Kurdish-Led SDF Closing In On IS-Held Raqqa, Groups Report

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The Trump administration has ramped up efforts to respond to the crisis in Syria, taking unprecedented action against Syrian President Bashar Assad's government over its use of chemical weapons against civilians.

There is no avoiding the fact that Turkey will play a major role in any Middle East settlement, and that no matter how effective the Kurdish fighters are, the United States must find common ground with President Erdogan on the region's future.

Erdogan issued a statement afterward, congratulating Trump for his presidential election victory. Ankara is also enraged by US plans to arm the Syrian Kurds, who they consider terrorists. He explained his position on the issue by the fact that such terrorist organization as the Kurdish People's Protection Units (YPG) is extremely risky for Turkey.

For weeks, policymakers in Ankara had been waiting for President Recep Tayyip Erdoğan's meeting with U.S. President Donald Trump at the White House.

The challenge is hardly new. More than 15 years of continuous USA -led war against Islamist militants in the Middle East, South Asia and North Africa have taken a heavy toll on civilians.

Past administrations have sought a delicate balance. The United States, the European Union and Turkey agree the PKK is a terrorist organization. Too little cooperation with the Kurds risks squandering a battlefield ally with proven effectiveness against extremist threats and who has staunchly supported Washington. Thus, in order to limit the PKK's ability to move some of its fighters, military equipment and financial resources across the border to neighboring countries, Turkey has strategically extended its fight beyond its borders.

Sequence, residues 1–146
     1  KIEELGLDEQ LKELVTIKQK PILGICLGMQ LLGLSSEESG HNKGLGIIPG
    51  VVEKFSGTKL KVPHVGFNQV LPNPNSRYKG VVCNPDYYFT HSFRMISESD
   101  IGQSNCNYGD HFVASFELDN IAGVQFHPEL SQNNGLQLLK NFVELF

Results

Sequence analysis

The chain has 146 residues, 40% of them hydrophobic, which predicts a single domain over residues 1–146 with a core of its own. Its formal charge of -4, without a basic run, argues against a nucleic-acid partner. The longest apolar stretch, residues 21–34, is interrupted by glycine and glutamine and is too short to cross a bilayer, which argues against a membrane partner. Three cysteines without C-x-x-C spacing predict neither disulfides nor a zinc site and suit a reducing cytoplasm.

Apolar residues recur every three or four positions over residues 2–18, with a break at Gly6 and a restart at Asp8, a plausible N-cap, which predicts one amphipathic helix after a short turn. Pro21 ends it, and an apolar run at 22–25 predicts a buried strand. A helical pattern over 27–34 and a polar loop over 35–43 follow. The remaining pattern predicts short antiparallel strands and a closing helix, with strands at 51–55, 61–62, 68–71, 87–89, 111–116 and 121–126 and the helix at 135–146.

The Syrian Democratic Forces (SDF), a US-backed group, says it will soon begin a final attack to capture Raqqa, ISIL's self-proclaimed capital in northern Syria, just days after seizing a key town to the west and an adjacent dam.

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"At the start of entering (Raqqa), of course, as (the USA -led coalition) promised us, there will be support in the form of specialized weapons, armoured vehicles or others", he said.

The U.S. decision to directly arm Kurdish units of the Syrian Democratic Forces fighting ISIS could harm U.S. relations with Ankara and cause further instability within Syria and Turkey, but it was a "necessary" step against ISIS, Kurdish politicians and fighters said. Despite Turkey's claims that "the war on terror" should include the fight against the Kurdistan Workers' Party (PKK) and the YPG, none of the global actors recognize the YPG as a terrorist organization. Turkey, which has NATO's second-biggest military, is concerned that growing Kurdish power in the region could inspire separatists at home, and that weapons provided by the USA could eventually be used against the Turkish military. As a nod to Turkey's concerns, the Pentagon has promised tight monitoring of all weapons and greater intelligence sharing to help the Turks better watch over their frontiers.

Turkey believes the Kurds in Syria are linked to the PKK.

In the long term, arming the Kurds could threaten Turkey's membership in North Atlantic Treaty Organisation, and Ankara may deny the US use of its air base for operations in Syria and Iraq.

Ties became poisoned in the last months of the Barack Obama administration by venomous disputes over USA support for Kurdish fighters in Syria and the presence in the USA of the Islamic preacher Fethullah Gulen whom Erdogan blames for last year's July 15 failed coup. "In order to do this, the US evidently prioritized Raqqa over Turkey's objections", Sam Heller, a Beirut-based analyst and fellow at the Century Foundation, told Syria Deeply.

Erdogan's visit comes amid rising tensions with Turkey.

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